I was not familiar with any of these aspects, but when I sat inside that shrine, I felt a kind of peace I had never encountered in my life. I had also never experienced sitting quietly with my eyes closed without a purpose. Actually, I had never encountered a purpose that required me to sit with my eyes closed. And yet, under the dome of that tranquil space, I found myself sitting effortlessly this way for an hour. It puzzled me but inspired me deeply enough to register myself for a program to learn yoga from the Master himself. I learnt a subtle form of yoga called kriya yoga which did not require me to twist or bend. It involved sitting still and working with the breath which I could do comfortably despite my vertigo condition. Once I incorporated this as a daily practice, I experienced a change in my being in just a few months. I instantly connected with something within me that was creating great joy, peacefulness, and also some kind of a distance from what I was physically suffering. Every time I practiced, I would sense something more to me and that ‘something’ of me wasn’t suffering at all. Now I was experiencing life in the raw. This life was not a big idea. I began to see the potential of suffering, how it was providing me a great base to evolve as a person, even transcend my fear and unhappiness of the disease. The word happiness and everything about it stopped bothering me. I did not feel the need to go anywhere or meet anyone to ‘know’ life. I felt it everywhere every time I paid close attention to it, whether it was a leaf or the sky. But I felt it most when I lost myself, when the grip of my identify loosened.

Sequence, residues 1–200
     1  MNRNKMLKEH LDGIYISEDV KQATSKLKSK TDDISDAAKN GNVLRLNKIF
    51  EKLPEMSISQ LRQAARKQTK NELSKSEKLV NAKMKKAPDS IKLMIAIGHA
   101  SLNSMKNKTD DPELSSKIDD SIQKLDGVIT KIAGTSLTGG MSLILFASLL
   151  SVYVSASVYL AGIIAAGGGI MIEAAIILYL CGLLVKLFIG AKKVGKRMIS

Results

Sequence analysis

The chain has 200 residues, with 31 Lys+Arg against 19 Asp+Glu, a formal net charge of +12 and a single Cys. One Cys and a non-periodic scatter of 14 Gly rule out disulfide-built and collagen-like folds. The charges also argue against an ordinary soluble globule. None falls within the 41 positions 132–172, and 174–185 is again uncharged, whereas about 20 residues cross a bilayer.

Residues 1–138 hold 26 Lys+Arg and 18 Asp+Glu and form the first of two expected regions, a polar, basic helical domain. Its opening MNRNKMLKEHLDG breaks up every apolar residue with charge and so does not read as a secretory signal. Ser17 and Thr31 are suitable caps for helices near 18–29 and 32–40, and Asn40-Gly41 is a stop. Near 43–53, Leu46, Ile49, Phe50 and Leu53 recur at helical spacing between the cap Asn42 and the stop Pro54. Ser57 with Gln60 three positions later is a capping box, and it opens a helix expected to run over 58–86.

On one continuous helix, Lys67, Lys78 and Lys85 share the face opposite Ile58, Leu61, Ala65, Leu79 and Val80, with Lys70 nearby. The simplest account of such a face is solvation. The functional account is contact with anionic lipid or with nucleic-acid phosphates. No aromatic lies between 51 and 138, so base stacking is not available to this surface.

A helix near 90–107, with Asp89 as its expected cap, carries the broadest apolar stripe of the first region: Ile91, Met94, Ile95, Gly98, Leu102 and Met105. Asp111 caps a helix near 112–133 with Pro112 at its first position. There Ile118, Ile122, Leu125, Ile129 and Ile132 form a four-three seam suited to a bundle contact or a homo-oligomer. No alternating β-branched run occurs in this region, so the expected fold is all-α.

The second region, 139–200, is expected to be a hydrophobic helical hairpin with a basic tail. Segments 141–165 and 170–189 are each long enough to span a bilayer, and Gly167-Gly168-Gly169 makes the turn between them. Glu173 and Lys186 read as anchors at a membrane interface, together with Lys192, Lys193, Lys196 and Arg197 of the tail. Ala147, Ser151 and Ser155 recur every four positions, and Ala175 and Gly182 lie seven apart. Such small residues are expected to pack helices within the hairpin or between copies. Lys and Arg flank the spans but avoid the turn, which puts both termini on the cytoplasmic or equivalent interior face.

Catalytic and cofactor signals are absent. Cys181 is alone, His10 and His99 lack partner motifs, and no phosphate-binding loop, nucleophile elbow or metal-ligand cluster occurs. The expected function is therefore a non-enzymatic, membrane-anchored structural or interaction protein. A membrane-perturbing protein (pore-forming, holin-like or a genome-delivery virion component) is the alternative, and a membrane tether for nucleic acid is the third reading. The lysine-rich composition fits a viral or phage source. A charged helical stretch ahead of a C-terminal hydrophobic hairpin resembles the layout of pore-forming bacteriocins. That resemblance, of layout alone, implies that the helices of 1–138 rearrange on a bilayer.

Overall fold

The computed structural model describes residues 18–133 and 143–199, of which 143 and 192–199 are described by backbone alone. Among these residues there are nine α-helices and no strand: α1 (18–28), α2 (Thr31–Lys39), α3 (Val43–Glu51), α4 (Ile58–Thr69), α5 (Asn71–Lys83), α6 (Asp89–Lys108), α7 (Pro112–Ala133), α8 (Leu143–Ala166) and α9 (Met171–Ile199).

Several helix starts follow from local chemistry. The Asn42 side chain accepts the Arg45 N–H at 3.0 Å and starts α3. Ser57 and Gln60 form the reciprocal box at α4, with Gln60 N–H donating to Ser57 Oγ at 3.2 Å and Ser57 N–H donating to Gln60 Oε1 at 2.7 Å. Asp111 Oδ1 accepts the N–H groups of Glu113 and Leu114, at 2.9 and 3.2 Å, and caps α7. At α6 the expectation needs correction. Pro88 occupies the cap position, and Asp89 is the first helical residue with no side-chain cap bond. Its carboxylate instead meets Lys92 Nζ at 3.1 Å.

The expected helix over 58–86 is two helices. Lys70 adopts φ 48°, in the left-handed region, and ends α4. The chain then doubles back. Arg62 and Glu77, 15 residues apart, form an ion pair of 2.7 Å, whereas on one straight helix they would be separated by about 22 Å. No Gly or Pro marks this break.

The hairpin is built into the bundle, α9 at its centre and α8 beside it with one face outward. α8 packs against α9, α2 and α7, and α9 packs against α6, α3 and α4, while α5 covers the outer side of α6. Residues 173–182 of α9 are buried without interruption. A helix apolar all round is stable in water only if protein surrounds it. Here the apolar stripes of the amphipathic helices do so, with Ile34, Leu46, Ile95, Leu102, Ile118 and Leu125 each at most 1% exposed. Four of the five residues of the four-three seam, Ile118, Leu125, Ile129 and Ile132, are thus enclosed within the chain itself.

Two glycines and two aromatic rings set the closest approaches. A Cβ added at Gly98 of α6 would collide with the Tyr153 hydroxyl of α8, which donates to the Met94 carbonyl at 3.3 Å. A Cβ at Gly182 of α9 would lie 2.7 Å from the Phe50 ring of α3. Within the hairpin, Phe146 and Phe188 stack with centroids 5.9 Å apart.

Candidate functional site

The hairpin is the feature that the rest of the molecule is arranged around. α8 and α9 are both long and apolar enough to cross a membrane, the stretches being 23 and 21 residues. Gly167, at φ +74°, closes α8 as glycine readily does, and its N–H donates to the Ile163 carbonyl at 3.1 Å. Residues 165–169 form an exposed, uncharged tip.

One day, in the midst of a very frightening vertigo attack, when I had lost complete control over my body, I suddenly started to witness my suffering. I felt no resistance towards something that was giving me such a hard time. As everything reeled around me, I held on to something beyond my senses that was bearing the hostile symptoms with some lovingness. When the attack passed, I experienced a great amount of peace in place of the usual fear. And suddenly, there it was, the most basic realization: how I experience myself is what I experience as life. In other words, I was life itself, there was no mistaking this truth. And with this realization in my experience, my health started to improve.

Enlightened Masters have always asked us to see life just as it is; pure, unadulterated, unprocessed and spontaneous. Yet, we can’t seem to let go of our own idea of what life should be and what it shouldn’t. So we chase it, search a purpose for it, design it, amplify it, make it fit in, make it stick out and somehow try to make it ‘the right kind of life’. When it doesn’t turn out the way we plan it, we hold a grudge against it. I have seen people drift and loose their beautiful innate qualities out of sheer bitterness so that when they become angry, insensitive, depressed people, they can say ‘life made me this way’. But life is never against us and it has no thought or judgment. Life is just life. When I think of what it took me to get me here, I laugh at the irony- all this restlessness to know everything there was to life when all I had to do was close my eyes, sit still and allow it to know me.